The adventures of thawing a furnace line


It was about 4:15 am…I was cold… Cold and in bed at that hour can mean only one thing… The water in the bottom of my oil tank had frozen… Again!

Yes, I know:  Winter blend, Diesel 911, dry gas…I’ve tried it all. There are two simple solutions…First, wait till the tank is just about empty, and drain it to get the water out, or second, build an insulated box around the tank with a low watt light bulb for warmth.

The only time my tank is nearly empty is when it is winter, and we are using the fuel that is in it. Then, there is never enough. I lay awake on super cold nights listening for the sound of the blower to come on without the burner firing. When finances allow, we add few gallons on payday, and say a prayer. Then comes the tax return season, and the tank gets filled.  The tanks sits there all summer with anywhere from half a tank on up to three quarters of a tank.

As for the box around the tank? I’ll just say that if I claimed to be a LOUSY carpenter, I would be bragging, and leave it at that…OK?

So anyway…4:15am. I have to get dressed, go outside, and use a micro torch to see if I can get the fuel flowing again.

I hear something behind me. One of my goats, I think it was Smeck walks up to the fence near the oil tank, apparently thinking I had a snack for him.  When he sees the torch in my hand, he realizes I don’t and says, “Hey Fat Boy!  Fuel lines frozen again?”

I chuck a big hunk of frozen snow at him, and he heads back into his little barn where I can hear him saying something to the others, and then I can hear all of them laughing.

I get the little torch fired up, and I run it up and down the filter, and all around the lines, muttering under my breath about frozen fingers, watery oil tanks, and smart assed goats.

Typically, when I am nearly frozen to death that signifies that enough time has passed so that any ice blocking the flow of fuel has been cleared, and I can go back inside where it is a balmy 35 or 36 degrees to bleed the furnace.

So I head into the house and quietly creep down the hall, in the dark so as not to wake up my wife, or my son.  Since the hall light is dim anyway, I work by flashlight.  I get to the furnace, and open up the bleeder valve.  I listen as some of the air in the line whistles out, but I know I wont get off that easy.

There is a trick to bleeding a furnace without making a mess… I don’t know what it is. But I’ve tried so many of them, I know I will come up with it eventually!

The best thing I have tried is a piece of airline tubing attached to the bleeder nipple. That works GREAT at bleeding the lines into an empty soda bottle. Unless of course when there is a lot of air in the lines. Then your bottle will be full before you can stop the flow of fuel in time and you will have heating oil all over the place and NO amount of Dawn Dish Washing Detergent will get rid of the smell!

I get my tube on the nipple, and run it into a bottle. Then I flip the emergency switch on the wall behind me to put the power back to the furnace, and I hit the reset button on the furnace burner. More air comes out of the line, followed by a spurt of fuel, followed by some more air, followed by a steadier stream of fuel.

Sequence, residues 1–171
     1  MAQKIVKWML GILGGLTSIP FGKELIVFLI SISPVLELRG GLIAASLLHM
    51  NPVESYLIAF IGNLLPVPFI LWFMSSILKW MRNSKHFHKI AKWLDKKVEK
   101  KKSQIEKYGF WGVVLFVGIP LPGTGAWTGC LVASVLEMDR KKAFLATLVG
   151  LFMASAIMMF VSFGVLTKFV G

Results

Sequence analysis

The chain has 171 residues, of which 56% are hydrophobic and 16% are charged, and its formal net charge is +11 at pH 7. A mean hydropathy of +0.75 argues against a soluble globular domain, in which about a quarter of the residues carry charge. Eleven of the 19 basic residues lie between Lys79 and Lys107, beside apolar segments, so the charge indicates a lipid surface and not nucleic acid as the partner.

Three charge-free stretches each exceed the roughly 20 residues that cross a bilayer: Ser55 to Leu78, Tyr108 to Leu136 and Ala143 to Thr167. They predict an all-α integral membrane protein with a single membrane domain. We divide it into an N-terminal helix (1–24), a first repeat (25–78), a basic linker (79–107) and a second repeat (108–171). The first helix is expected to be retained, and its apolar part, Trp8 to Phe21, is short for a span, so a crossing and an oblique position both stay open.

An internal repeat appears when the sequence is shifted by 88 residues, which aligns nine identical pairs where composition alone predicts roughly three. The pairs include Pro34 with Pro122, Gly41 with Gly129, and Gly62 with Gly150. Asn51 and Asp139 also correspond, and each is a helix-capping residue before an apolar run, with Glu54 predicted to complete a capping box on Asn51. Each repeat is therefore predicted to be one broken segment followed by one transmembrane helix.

I pull off some pretty impressive yoga moves as I hold the bottle in my left hand, and reach up and back with my right hand to flip the emergency switch off so I can tighten the bleeder valve again. As my fingertips graze the button, and before I can flip it down, the airline tube decides to pop off the bleeder valve.

Heating oil all over my left arm, and the area around the furnace! YAY! muttering some more, I hit the reset button on the furnace.  Thankfully I got it right on the first try, and didn’t have to repeat the process again.

I clean up the spilled fuel as best I can, and head for the bathroom. I’m still pretty tired, and I have a chance to sleep for another hour or so, but first I need a shower.

The light in the bathroom is much brighter than the light in the hall, and I feel that it would be rude to my eyes at 4:30 am, so I decide to shower in the dark.

I turn on the shower to let it warm up a bit since I had NO idea how long the furnace had been off…The LAST thing I want to do is step under an icy stream of water… ESPECIALLY if I still want to get a little shut-eye.

Once I feel the water warm up, I step into the shower, and put all 310 lbs down on my right leg as I step in the tub, and all 310 lbs comes right down on a pile of hard plastic dinosaurs! 004

LEGO’s? HA! If you think those hurt then you OBVIOUSLY have never stepped on one a pile of hard plastic dinosaurs! I don’t know how I managed not to fall and break my neck… Or even worse, impale myself on a T-Rex… imagine the paramedics taking selfies with me, as I lay there all busted up with a dinosaur stuck up my butt?

I made up a few new naughty words right there on the spot, and screamed in pain as I removed a spinosaurus out of the meaty part of the foot!   Naturally that woke my wife and son… But hey! If I gotta be up…they might as well be too!

Doug Alley

About Doug Alley

I grew up in Bath, Maine in an upper lower class family with 3 step sisters, a step brother, and a little sister. After high school I spent 3 years serving in the USAF at Elmendorf AFB in Anchorage AK. I've competed in, and won, demolition derbies. I've competed in, and never won, stock car races. I am the 47-year-old father of an 11-year-old boy who is pretty sure he is smarter than I ever was. We live on a little less than an acre of land in a 1973 mobile home in Stetson with my wife Jen, some cats, a few chickens, and rabbits, and a couple of goats. I hunt, fish, camp out, dabble in photography, gardening, and I cook in variable degrees of near success.